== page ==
BH: The string pull scene at Blue High Shack was the toughest day we had. We could only schedule four hours at the end of the day to shoot that scene, but in reality, we needed one full day to do that properly. We got some great shots with Frankie writhing in pain with Erik Porn’s string, but we had to add a pick-up day to get the really bloody close-ups with Dan Gilbert. Having worked on studio productions now, I see how much time they need to properly film heavy makeup effects scenes. Cleaning up and resetting blood and guts between takes can take 10-20 minutes easily. There might be 15 takes of that shot between all the different camera angles. That adds up to a lot of hours! We learned that the lesson the hard way. I must also mention that our cinematographer, John Orphan, and his team did such a great job lighting each scene to create creepy, disgusting and beautiful images. Additionally, we did use some great VFX artists (Bruno Ciccone, Paul DeNigris and Rachel Dunn) to composite, clean up and enhance our practical effects. We can’t have finger extensions or mask seams showing up on the big screen!
DC: Richard, had you always intended to take a supporting role in the film?
RH: Yes. It was a dream to be able to write this doctor character, especially knowing I’d be playing him. I’ve been a union actor for quite a while and really enjoy this part of the filmmaking process. As a physician, I wanted to bring medical authenticity to the screen, but I also had to keep it entertaining, which meant Dr. Ronaldi needed to have some “issues.” For example, he’s 20 years into his medical career and is suffering from physician burnout, which can lead to a loss of empathy and compassion. Fatal flaws, like these, are certainly more interesting to watch on screen and very thrilling and challenging to play as an actor. I’ve seen other real-life doctors play doctors on the screen to great effect. Ken Jeong, for example, is a master of the craft because he knows he’s not just “playing a doctor.” He’s playing a human being, who also happens to be a doctor. That’s why he’s so damn good in every character he tackles. The humanity of the characters we play have to shine through or it’s boring to watch.
DC: What was it like sharing scenes with Frankie?
RH: Kind of like getting into the ring with Joe Frazier or Muhammad Ali. You better know what the hell you’re doing when the camera rolls or you’ll get pummeled pretty quickly. Frankie was a blast to work with. He brings his A-game every time, so it was incumbent on me to bring mine. As Jonathan the psychiatric patient, Frankie was fiery and constantly clashing with my impenetrable Dr. Ronaldi. That character duel makes for good entertainment.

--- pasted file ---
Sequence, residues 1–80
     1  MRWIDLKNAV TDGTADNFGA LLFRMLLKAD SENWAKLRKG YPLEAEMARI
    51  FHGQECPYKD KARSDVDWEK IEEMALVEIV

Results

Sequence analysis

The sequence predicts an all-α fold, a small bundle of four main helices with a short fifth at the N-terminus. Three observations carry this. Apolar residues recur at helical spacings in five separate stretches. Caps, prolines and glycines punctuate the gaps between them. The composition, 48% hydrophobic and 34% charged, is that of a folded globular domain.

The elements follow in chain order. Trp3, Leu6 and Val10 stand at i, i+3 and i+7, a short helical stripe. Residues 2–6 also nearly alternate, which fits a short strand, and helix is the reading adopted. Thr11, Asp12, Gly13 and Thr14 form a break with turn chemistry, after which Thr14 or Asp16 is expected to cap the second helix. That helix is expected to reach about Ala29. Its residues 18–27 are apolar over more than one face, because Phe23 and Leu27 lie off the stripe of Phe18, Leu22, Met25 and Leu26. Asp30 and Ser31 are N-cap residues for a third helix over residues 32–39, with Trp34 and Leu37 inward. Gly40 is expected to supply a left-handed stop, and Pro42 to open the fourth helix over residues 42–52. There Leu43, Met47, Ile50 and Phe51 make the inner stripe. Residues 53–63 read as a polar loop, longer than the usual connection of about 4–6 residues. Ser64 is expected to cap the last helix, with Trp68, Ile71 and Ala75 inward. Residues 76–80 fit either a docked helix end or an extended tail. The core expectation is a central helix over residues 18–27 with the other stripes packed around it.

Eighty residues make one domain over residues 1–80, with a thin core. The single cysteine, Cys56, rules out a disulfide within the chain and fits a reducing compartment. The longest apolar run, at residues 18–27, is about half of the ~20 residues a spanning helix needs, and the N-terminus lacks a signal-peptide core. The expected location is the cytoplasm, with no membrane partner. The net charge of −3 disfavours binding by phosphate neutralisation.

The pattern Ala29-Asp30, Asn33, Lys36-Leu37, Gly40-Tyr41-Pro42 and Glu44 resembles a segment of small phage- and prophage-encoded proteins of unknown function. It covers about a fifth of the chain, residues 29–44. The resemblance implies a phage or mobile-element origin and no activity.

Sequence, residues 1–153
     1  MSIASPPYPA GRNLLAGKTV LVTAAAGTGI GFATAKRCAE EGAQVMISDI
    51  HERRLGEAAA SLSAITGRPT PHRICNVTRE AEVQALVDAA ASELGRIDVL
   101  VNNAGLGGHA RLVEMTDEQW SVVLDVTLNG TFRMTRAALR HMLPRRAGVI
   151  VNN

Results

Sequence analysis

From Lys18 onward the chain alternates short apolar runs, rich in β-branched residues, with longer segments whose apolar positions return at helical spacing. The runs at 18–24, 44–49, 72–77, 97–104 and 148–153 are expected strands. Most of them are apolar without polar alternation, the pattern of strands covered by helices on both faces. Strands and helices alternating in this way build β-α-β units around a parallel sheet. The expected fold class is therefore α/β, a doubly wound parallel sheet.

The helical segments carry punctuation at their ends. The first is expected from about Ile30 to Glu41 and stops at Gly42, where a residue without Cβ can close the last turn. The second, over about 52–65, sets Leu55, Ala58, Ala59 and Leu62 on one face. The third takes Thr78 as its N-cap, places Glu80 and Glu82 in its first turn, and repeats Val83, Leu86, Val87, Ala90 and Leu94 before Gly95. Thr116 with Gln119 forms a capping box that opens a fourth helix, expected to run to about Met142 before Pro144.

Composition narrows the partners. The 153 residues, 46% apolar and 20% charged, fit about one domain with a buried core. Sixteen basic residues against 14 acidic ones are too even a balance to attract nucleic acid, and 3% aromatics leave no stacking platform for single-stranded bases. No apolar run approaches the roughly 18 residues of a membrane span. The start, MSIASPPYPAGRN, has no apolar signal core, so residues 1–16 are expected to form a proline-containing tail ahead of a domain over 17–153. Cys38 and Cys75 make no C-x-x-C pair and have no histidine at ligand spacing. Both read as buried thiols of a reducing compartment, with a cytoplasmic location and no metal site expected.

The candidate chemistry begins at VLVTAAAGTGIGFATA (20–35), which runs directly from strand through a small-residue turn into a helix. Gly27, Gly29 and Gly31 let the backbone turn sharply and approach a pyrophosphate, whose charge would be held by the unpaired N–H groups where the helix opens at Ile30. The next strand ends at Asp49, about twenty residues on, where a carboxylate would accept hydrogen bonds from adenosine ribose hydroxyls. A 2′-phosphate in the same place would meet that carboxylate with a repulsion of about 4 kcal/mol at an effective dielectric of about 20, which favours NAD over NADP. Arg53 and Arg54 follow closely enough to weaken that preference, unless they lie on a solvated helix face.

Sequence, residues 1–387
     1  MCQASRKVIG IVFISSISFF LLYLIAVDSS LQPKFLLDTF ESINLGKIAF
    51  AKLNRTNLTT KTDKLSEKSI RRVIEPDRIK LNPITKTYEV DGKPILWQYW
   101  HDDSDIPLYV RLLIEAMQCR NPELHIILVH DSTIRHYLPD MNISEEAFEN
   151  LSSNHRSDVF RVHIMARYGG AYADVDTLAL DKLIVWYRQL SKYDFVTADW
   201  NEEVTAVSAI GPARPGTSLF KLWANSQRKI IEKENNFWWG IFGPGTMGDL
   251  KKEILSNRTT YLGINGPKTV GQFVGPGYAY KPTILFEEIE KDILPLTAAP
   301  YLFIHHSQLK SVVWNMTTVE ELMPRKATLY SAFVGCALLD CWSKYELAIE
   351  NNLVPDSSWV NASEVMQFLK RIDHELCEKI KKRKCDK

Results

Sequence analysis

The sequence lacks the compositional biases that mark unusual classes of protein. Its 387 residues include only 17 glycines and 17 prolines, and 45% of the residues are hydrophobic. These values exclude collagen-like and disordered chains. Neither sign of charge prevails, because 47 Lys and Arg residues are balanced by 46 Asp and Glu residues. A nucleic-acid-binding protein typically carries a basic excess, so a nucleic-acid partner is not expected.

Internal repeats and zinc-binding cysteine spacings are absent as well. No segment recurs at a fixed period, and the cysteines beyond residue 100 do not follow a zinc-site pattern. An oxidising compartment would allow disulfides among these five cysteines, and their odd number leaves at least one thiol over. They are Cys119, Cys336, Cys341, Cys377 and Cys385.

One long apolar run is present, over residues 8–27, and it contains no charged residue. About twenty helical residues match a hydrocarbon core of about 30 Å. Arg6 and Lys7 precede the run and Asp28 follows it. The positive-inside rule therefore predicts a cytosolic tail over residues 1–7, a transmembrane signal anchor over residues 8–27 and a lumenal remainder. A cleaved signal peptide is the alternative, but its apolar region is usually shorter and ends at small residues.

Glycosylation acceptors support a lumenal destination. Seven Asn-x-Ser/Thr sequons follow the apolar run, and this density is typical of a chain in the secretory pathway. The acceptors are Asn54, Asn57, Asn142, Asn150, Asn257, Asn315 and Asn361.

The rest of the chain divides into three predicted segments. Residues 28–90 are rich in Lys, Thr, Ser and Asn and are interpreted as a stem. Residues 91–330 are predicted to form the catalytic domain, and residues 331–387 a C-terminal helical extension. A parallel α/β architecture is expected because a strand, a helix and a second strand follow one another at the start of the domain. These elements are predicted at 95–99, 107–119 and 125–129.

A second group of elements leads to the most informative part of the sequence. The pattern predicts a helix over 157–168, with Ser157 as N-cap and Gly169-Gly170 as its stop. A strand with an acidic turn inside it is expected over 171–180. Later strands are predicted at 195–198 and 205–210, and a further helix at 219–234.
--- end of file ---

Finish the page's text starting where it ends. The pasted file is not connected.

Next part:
DC: Was it tough to cast Dena?
BH: Dena was originally intended to be a 40-something-year-old woman, a “cougar” who was 20 years older than Jonathan, which would make the whole blind date really weird and uncomfortable. We were auditioning some talented actresses for the role, but our friend Chelsea Edmundson volunteered to help us and read the Dena lines while we auditioned guys for the role of Jonathan. I sat in on those auditions and heard Chelsea read those Dena lines 50 times over two days and, all of a sudden, I couldn’t imagine anybody else playing that character. She played Dena so well—I could see each guy squirming in the audition as she stared intensely at them. It didn’t matter that we originally wrote Dena to be in her 40s, because Chelsea created her own version of Dena and we loved it.
DC: What else did Chelsea bring to the role?
BH: Chelsea brings a sultriness, a piercing gaze and a feeling of danger to the role. She’s truly a femme fatale. Once she jumps in the car with Jonathan, you just feel that she’s going to eat him alive. But very quickly, she turns into a vulnerable girl who is also lonely, maybe she’s just as lonely and isolated as Jonathan. Dena is a great character because she’s dangerous and confident, but there’s a sincere soft-side that makes us think she might really be connecting with Jonathan. Maybe they have a legit romance brewing on the first date. Take note of how she reacts when Jonathan sketches her and she says, “Nobody’s ever drawn me before.” It feels like she’s blushing and honestly flattered, or is she just manipulating Jonathan?
DC: How were the writing chores divided up?
BH: Andy Warrener and I outlined nearly 50 pages of the story long ago so the structure and characters were in place, but we were 40 pages short of a feature film. When Rich suggested we rewrite the script to feature length, I focused on the horror and angry young man portions of the script, and Rich really focused on the parental and the script’s medical moments. In reality, we both worked on every scene together, but there were many times when we individually specialized on certain scenes.
RH: We had to complete the script as part of our Mount St. Mary’s MFA graduate thesis requirement, so we went about completely dismantling and putting it all back together again, analyzing the story, scenes and sequences by index cards and corkboard methodology, writing and rewriting, talking about characters, plot, thesis, themes, etc., into the wee hours of the night, week after week, month after month, for a year, until every bit of it made sense and fully entertained. Until our friends in the business and professors really dug the script. Only then, were we confident enough to start circulating it among agents, investors, and other professionals.
DC: What’s next for you guys? More horror?
BH: Definitely more horror and twisted stories from the beyond! It’s what I feel in my bones and despite the “horror” genre label, there’s a lot of room to tell great human drama stories like Ari Aster’s Hereditary and Jennifer Kent’s The Babadook. We are working on a project about a struggling single father whose son vanishes during a magician’s magic trick. It has a similar horror paranoia vibe to The Black String—can magic and the occult be real or is it just a missing child case? Rich and I are both military veterans so we’re also working on a really intense military flick that will certainly have some thrilling and horrific moments… because that’s the reality of life in the military.